The last time I visited a bank branch? Um...

Digital Banking

The last time I visited a bank branch? Um...

By Arun Venkatachalam · · 5 min read

They say we are “creatures of habit.” And as far as humans go, our habits always tend towards the easier way out. And over time, the ‘easier ways’ we find become new habits.

Think about how we pick frozen food over fresh produce; or take the elevator instead of the adjoining stairs; or refresh our wardrobe from our phones instead of going to the mall.

Point is – there comes a time in our lives when we completely change the way we do things. Examples of this are so easy to find that you might not even notice them anymore.

Every taxi driver today – ‘UPI karo.’

Every neighbourhood corner store – ‘I can Dunzo it to you.’

Every place of worship tomorrow – ‘Please donate via online transfer.’

Every teller at a bank branch – ‘Umm…what are you doing here?’

Did that last one hit home? Let’s face it – most of us wouldn’t be able to recall the last time we visited a bank branch. Months ago? Years ago? And even if you have to visit one, it’s not without frustratedly questioning the strange nature of modern life. “Why is this still a thing?”; “Shouldn’t I be able to do this on an app?”; “God I wish banks had delivery executives.”

“Please! No! Anywhere but the bank branch!”

It’s almost certain that the average young person you see in a bank these days is simply there for the ATM; or to get a bunch of papers rubber-stamped; or because someone wants a leaf from something called a “cheque book” – which at this point is the 21st century equivalent of a rotary phone.

And to say nothing of the “take a token and wait in line” system, or the fact that your turn happens to arrive right when it’s lunch time! Honestly, the only token I want in 2020 is one that gets me a plate of Pani-Puri. #GoKaruna

But seriously – do our lives even permit us to go to banks during their so called “working hours”? You know, 9AM to 4PM when we’re usually neck-deep in Zoom meetings? At least when we had offices to go to, we noticed the bank branch on the ground floor of the office building.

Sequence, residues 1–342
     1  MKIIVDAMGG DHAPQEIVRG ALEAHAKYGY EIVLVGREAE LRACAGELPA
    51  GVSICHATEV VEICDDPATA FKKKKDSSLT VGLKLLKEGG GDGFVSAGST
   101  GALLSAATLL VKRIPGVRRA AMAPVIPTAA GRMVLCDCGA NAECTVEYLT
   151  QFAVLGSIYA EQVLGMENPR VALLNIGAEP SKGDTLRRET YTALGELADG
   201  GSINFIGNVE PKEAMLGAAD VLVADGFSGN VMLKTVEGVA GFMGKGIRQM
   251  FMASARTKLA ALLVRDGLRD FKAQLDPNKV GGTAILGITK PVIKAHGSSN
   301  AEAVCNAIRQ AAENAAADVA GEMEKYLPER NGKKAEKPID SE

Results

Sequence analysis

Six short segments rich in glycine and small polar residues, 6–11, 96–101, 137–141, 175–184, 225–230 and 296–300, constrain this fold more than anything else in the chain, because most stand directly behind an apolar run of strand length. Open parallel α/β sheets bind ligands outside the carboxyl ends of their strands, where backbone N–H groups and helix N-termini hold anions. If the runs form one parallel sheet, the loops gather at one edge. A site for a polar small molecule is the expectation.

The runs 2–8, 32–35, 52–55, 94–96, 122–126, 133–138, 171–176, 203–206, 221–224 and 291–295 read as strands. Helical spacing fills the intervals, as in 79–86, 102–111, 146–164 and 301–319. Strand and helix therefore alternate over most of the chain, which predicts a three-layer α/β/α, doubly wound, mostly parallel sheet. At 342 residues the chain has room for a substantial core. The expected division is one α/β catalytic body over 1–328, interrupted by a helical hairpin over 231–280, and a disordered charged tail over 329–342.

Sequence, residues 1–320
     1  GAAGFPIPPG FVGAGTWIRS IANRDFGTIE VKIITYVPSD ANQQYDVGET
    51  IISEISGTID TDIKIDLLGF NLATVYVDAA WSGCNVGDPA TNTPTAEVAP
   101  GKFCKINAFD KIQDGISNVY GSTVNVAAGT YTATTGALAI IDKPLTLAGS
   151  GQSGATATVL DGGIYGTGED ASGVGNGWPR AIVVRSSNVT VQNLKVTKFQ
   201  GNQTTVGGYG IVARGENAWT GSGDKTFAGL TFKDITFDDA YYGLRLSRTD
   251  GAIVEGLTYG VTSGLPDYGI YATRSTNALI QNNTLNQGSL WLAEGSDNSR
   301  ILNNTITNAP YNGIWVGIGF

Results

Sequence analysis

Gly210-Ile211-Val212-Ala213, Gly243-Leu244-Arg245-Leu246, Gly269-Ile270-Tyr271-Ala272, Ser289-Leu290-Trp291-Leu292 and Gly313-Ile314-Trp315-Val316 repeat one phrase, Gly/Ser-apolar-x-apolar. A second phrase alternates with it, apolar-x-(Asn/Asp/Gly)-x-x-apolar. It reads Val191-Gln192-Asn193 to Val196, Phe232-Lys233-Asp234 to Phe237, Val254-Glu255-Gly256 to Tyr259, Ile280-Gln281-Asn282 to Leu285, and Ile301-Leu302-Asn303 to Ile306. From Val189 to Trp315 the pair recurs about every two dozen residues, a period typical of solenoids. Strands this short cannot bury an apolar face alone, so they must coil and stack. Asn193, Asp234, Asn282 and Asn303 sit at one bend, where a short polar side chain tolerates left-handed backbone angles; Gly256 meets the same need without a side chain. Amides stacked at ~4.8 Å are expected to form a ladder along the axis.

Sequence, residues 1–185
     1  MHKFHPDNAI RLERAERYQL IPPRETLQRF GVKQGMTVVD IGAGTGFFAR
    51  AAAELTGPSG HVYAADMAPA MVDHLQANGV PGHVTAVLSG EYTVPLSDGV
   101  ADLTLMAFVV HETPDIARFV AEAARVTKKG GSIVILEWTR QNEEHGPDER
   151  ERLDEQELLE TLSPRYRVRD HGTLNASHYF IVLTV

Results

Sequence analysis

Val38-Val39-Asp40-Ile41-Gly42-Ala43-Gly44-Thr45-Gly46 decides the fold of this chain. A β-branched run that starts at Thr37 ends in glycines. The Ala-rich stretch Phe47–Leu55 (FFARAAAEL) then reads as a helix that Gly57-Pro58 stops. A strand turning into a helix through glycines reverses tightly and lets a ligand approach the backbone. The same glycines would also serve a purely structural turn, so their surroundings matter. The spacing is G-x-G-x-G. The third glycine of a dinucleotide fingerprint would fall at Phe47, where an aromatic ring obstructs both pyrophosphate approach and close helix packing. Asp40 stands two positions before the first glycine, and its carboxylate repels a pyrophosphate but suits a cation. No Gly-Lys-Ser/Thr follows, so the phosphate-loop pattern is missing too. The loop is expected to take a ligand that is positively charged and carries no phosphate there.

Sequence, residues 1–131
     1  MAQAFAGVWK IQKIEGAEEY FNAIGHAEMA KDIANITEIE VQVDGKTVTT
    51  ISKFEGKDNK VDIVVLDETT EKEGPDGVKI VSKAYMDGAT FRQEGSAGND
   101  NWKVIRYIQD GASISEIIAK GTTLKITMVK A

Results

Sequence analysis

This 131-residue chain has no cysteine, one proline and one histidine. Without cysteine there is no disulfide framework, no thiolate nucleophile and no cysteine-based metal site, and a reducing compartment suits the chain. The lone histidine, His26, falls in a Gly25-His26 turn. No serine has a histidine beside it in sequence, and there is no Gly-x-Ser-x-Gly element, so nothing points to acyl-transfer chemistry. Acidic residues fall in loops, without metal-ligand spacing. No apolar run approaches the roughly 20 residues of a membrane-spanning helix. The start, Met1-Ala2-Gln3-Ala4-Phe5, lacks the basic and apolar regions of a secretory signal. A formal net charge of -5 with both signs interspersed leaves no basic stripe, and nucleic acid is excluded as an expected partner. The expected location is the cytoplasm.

And then there’s the concept of instant gratification – Pizza in under 30 minutes; an unlimited library of TV shows and movies; one subscription to all of the world’s music, have all spoilt us to the point of intolerance towards anything that feels remotely tedious.

But you know what? That’s the reality of life and human advancement. Every industry has had its sales channel and mode of delivery up-ended – except banking. So, is it time for branch banking to change, or do we just ignore and work around it?

That question is more important than ever, because something is happening right under our noses, and I’m not sure we’re seeing it.

RSVP-ing to branchless and bringing +1’s 

A leading private sector bank in India, which has had a stellar reputation for being a granular retail bank, has grown its branches at an annual rate of just 4%. Now that’s not a bad thing at all, but its assets have grown by ~19% and this is down to productivity gains that it is proud of (and rightfully so). However, here’s the reality of that productivity: 

Wait a minute. Does this mean we have found yet another habit-forming ‘easy way’? And if so, how do we make it better? What emotional representations of a physical bank branch do we recreate in a virtual setting? Well, here’s our take: